“I saw a cyclist stopping to pick a nice bunch of pink Pompom flowers next to Cedar Road in Nooitgedacht and I decided ‘That’s it!’ I would do my school study for the Eskom Expo for Young Scientists on this terrible weed.”
Fifteen year-old Christopher Tanton’s project was entitled ‘Pink Death’: a study on the effectiveness of various methods in eradicating the infamous Pompom weed. He walked away with first prize in the Grassland Society of Southern Africa Award for the Best Grassland Project at Eskom’s regional finals this year.
Christopher, a grade nine learner at HeronBridge College in Gauteng, lives in Vlakfontein in the Rhenosterspruit Nature Conservancy near Lanseria Airport. He decided to do his study on a subject that is close to many residents’ hearts: how to get rid of the hated Pompom.
“Part of the reason why he opted for the project was seeing the impact of this invasive plant on our lives - the constant fight to rid the veld of it every summer,” says Jaqui, his mother. “The time, effort and cost involved are immense.”
Pompom’s fine seeds are wind-borne and landowners who do not control infestation on their lands add to the considerable burden of those who do.
Christopher demarcated a section of veld near his home for the study. “I divided the area into six quadrants,” he explained, “and measured the growth of the Pompom weeds over a three-month period. In each quadrant I tested a different method of eradication against a control quadrant.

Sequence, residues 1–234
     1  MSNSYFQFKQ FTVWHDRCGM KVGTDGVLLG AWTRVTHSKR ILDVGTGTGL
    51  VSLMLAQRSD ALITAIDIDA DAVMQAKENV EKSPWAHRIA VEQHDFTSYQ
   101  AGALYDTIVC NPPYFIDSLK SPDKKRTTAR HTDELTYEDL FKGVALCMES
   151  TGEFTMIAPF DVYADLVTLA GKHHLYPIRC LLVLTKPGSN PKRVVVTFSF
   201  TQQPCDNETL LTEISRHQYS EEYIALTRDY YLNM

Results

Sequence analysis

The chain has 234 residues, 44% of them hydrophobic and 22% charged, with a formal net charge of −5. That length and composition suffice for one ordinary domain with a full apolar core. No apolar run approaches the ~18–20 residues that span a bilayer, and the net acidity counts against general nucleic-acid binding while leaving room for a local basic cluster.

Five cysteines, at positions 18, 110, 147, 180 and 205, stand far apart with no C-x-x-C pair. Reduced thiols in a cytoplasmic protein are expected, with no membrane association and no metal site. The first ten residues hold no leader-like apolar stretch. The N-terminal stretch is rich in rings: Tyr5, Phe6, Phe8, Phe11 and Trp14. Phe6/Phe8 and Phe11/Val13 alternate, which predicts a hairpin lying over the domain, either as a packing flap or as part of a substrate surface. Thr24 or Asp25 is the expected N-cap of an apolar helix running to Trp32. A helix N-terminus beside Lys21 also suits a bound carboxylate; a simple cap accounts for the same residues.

“I tested both chemical and physical methods and the results showed that using a combination of chemical and physical methods was most effective in reducing the growth of new stems and buds in the short term.”
“He's always shown a keen interest in what's happening on the farm,” says Jaqui. “From very young he has not only had the privilege of being exposed to environmental issues but also to be involved in them - cleaning litter from the roadsides, burning annual firebreaks, and so on. His grandfather, Terry O’Donoghue, has been a key person in developing his interest in and love for the veld and the bush.”
Christopher’s proposal to extend the study over a longer period has been accepted. He will also test whether early intervention makes a significant difference to the growth of this invasive plant.
His interests include cricket, being in the bush and photography. He plans to study engineering when he finishes school.
VeldTalk salutes Christopher. It shows you’re never too young (or old) to get involved in saving our grasslands!